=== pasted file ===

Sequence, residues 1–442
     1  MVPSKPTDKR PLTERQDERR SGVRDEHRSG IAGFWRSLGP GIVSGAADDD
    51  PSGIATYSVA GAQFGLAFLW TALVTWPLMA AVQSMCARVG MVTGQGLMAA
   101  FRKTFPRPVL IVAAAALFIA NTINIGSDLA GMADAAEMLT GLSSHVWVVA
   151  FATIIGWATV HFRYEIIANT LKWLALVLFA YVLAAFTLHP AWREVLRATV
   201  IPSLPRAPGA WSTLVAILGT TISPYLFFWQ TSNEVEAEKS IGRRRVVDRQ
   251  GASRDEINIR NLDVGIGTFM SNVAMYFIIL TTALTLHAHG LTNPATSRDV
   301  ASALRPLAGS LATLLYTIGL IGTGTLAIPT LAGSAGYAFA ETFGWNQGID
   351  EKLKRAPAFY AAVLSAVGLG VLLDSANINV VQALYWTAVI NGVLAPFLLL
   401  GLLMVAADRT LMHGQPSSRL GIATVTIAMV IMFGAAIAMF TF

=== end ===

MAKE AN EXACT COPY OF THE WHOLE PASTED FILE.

Sequence, residues 1–442
     1  MVPSKPTDKR PLTERQDERR SGVRDEHRSG IAGFWRSLGP GIVSGAADDD
    51  PSGIATYSVA GAQFGLAFLW TALVTWPLMA AVQSMCARVG MVTGQGLMAA
   101  FRKTFPRPVL IVAAAALFIA NTINIGSDLA GMADAAEMLT GLSSHVWVVA
   151  FATIIGWATV HFRYEIIANT LKWLALVLFA YVLAAFTLHP AWREVLRATV
   201  IPSLPRAPGA WSTLVAILGT TISPYLFFWQ TSNEVEAEKS IGRRRVVDRQ
   251  GASRDEINIR NLDVGIGTFM SNVAMYFIIL TTALTLHAHG LTNPATSRDV
   301  ASALRPLAGS LATLLYTIGL IGTGTLAIPT LAGSAGYAFA ETFGWNQGID
   351  EKLKRAPAFY AAVLSAVGLG VLLDSANINV VQALYWTAVI NGVLAPFLLL
   401  GLLMVAADRT LMHGQPSSRL GIATVTIAMV IMFGAAIAMF TF